A sound from fur­ther along the bank, to the right, stopped him in his tracks. At first he thought it some small an­i­mal, keen­ing and snuf­fling on the other side of a clump, but then it spoke, though the words were in­dis­tinct.

A woman's voice, high with tears, shaky but fa­mil­iar.

John Jasper re­tract­ed his foot and turned in the di­rec­tion of the speak­er. At first he crept, stealthy, lis­ten­ing to make out the words.

"I am com­ing to you, my love. We will be to­geth­er again."

Then there was a light splash and a sharp in­hala­tion, an­oth­er shiv­er and a wail.

"Oh, it's so cold. But so are you. My poor, cold dar­ling."

Now Jasper ran, up to the top of a small hillock, from which van­tage point the fig­ure of a young woman was clear­ly vis­i­ble, wad­ing out from the shal­lows to­wards the place where the sea bed shelved away into a deep­er stretch of water.

She had fall­en to her knees, her gold­en hair stream­ing down her back, and now she was singing. That voice. He re­called it so pierc­ing­ly that his heart, that shriv­elled thing, seemed to ex­pand to burst­ing. That lit­tle scrap of sound that he had schooled and trained until it was sweet­er and brighter than any­one imag­ined it could be…Oh, she could not do this.

He threw off his coat, flung his boots into the grassy tus­socks and took to the water, find­ing strength and speed in his ur­gen­cy.

She stopped singing and turned her head, but she per­haps did not recog­nise him in the dark­ness.

"Oh, who is there? Please go. Please don't res­cue me."

She bent for­ward and her head dis­ap­peared under the waves. Jasper, heed­less of the cold and the wet weight in his clothes, lunged for­ward des­per­ate­ly. The slack wa­ters lapped around him, pour­ing into his mouth and nose as he stum­bled for­wards, but none of that mat­tered, noth­ing mat­tered save that she should not die.

He caught hold of some­thing, her shawl per­haps, and had to throw the sod­den thing aside, reach­ing out again. Yes, her arm.

She strug­gled to throw him off but he man­aged to drag her back and pin her against him. He pulled her up­right, her head crest­ing the water while she splut­tered and screamed.

He stag­gered and al­most let go of her half a dozen times be­fore they reached the bank, but some­how he still pos­sessed enough force to pre­vent her from suc­ceed­ing in her des­per­ate fight for es­cape.

In some dim re­cess of his mind Jasper clung to enough be­lief in God to thank Him for not al­low­ing him to smoke that last pipe, nor to linger at the gate­house until the with­draw­al pains were upon him. Noth­ing could have saved her then.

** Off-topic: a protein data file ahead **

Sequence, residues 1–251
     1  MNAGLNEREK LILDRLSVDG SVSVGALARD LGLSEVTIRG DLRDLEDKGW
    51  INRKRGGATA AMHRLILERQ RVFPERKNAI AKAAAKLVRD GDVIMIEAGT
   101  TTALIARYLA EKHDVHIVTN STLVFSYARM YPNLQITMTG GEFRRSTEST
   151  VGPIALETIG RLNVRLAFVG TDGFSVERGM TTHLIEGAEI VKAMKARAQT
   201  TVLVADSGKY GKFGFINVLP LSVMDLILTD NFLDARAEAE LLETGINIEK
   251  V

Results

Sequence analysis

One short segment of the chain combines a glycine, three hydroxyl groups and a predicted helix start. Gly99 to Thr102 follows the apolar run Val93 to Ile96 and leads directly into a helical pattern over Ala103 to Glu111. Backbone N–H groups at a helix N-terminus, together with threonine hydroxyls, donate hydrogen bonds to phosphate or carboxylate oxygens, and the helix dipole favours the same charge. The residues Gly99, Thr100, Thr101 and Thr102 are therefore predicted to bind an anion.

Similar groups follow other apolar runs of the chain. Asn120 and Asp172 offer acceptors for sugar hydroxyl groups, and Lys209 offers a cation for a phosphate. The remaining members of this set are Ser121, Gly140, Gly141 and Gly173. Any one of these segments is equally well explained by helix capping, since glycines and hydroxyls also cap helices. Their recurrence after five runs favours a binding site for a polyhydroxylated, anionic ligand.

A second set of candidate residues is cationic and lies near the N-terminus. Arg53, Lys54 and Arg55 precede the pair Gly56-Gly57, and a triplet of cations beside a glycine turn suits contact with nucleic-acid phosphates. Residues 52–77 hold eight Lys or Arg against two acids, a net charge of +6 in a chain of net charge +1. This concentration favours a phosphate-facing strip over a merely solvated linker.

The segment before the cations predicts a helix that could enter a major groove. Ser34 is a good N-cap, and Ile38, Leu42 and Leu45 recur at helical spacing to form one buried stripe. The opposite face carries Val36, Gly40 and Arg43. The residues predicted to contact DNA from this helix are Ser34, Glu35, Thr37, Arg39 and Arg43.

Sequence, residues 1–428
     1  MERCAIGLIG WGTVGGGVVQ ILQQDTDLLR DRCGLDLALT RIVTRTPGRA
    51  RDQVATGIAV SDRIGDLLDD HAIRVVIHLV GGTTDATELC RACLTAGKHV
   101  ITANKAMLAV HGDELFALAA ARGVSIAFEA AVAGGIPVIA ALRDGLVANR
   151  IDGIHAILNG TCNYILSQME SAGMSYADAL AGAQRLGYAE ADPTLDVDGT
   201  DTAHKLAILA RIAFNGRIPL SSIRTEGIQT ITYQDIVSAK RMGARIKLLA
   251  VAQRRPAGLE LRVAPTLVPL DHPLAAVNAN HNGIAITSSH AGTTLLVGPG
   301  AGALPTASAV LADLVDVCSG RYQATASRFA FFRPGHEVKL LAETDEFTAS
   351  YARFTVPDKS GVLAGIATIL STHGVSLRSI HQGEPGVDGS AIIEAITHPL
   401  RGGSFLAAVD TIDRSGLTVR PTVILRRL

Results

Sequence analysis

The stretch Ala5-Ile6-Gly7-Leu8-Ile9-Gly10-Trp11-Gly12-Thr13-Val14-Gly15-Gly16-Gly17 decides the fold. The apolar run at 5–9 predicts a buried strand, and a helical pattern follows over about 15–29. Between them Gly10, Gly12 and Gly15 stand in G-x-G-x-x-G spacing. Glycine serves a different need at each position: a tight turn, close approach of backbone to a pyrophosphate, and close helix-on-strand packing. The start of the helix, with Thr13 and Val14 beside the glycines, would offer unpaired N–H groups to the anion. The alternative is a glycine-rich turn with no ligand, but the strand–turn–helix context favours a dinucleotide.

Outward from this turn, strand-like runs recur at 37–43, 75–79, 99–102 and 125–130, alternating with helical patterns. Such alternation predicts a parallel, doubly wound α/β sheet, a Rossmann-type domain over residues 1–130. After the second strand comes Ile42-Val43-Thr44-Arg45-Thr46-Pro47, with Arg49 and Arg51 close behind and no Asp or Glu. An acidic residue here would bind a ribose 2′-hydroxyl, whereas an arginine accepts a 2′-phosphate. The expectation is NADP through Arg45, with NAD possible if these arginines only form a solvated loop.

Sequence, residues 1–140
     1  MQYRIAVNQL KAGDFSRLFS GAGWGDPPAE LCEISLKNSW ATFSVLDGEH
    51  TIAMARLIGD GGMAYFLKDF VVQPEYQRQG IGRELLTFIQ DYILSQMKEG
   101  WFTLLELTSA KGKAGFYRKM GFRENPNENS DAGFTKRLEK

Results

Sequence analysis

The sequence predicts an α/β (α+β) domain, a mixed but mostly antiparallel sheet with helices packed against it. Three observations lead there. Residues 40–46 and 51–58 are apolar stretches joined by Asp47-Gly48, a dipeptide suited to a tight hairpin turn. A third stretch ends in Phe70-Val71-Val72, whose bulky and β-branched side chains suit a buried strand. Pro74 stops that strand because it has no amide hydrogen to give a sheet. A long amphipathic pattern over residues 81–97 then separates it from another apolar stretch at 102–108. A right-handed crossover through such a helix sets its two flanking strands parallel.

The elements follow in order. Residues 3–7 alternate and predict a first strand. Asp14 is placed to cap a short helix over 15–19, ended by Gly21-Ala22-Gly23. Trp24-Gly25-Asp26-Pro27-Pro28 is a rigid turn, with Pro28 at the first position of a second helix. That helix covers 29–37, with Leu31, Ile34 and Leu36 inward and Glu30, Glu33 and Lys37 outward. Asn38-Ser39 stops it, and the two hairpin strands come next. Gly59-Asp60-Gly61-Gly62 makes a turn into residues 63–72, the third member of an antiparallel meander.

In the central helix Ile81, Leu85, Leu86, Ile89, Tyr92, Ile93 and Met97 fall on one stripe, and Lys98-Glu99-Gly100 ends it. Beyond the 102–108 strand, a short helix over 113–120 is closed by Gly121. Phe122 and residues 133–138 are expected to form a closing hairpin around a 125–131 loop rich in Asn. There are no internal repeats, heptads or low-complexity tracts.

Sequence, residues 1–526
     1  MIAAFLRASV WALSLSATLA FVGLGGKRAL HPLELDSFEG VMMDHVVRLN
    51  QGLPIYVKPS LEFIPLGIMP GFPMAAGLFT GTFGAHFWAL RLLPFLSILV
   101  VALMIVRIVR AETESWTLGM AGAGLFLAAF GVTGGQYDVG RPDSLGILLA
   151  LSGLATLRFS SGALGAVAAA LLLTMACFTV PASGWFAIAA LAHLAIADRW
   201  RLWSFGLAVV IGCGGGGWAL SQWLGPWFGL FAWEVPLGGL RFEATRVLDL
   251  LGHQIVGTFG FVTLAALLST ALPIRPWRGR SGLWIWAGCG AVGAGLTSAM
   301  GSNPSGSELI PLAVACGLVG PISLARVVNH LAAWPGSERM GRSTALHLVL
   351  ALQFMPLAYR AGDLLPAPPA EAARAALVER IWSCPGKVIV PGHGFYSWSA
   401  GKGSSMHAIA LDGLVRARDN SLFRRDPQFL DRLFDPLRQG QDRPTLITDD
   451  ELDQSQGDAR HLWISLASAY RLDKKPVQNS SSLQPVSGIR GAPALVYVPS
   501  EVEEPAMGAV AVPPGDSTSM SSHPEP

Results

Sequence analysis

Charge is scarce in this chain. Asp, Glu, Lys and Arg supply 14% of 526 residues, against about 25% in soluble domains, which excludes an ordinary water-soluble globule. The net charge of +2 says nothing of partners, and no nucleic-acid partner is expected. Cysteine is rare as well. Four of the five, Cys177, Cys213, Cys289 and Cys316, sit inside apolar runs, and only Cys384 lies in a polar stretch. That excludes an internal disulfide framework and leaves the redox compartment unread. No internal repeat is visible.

He hauled her on to the bank where she lay, gasp­ing and sod­den, and took as many deep breaths as he could, prepar­ing him­self for the ef­fort of strength that lay ahead. It was fully dark now, and the sky was cloud­ed, threat­en­ing rain.

Rosa seemed too far out of her sens­es to make any at­tempt at speech, or to recog­nise him. When, hav­ing put his boots and coat back on, he reached down to pick her up, she lunged at him and said some in­dis­tinct words. "Off," per­haps, and "me". Now was not the time for de­ci­pher­ing her rav­ings, though, and he put ev­ery­thing that was not es­sen­tial to her sur­vival from his mind. He need­ed to get her to a place of warmth and se­cu­ri­ty and no other ob­ject would cross his mind until this was achieved.

He used to dream of hold­ing her in his arms; in his fan­tasies she had been light as a wafer, all ethe­re­al and silken and smelling of peach blos­som. Now, in her soaked skirt and its vol­ume of pet­ti­coats, she weighed heav­i­ly and she clawed at his face so he had to hoist her over his shoul­der if he was to make any head­way at all. This was not how he had dreamt it. And yet it was some­how more beau­ti­ful than any of his imag­in­ings by far.

"I have you," he said to him­self, sway­ing off on the long jour­ney to­wards the town, his arms clamped across the backs of her knees so she couldn't kick. Lit­tle blows from her fists fell in­ef­fec­tu­al­ly be­tween his shoul­der blades at first, but she soon tired of it, and he felt her droop there, her ex­haust­ed sobs min­gling with his foot­falls and the night sounds of the marsh. "You're safe."

He sup­posed she must have shut her eyes, per­haps she had even fall­en into un­con­scious­ness, for she made no sign of recog­nis­ing where they were when he un­locked the door in the arch; she sim­ply hung there all the heav­ier. He should have laid her on the shore, he should have pumped the water from her lungs. But he had been too over­whelmed by panic, too des­per­ate to take her to safe­ty. What if his neg­li­gence had re­sult­ed in her death?

By ac­ci­dent, he grazed her head against the wall dur­ing their as­cent of the stair, and she twitched and wrig­gled over his shoul­der again, com­ing back to life.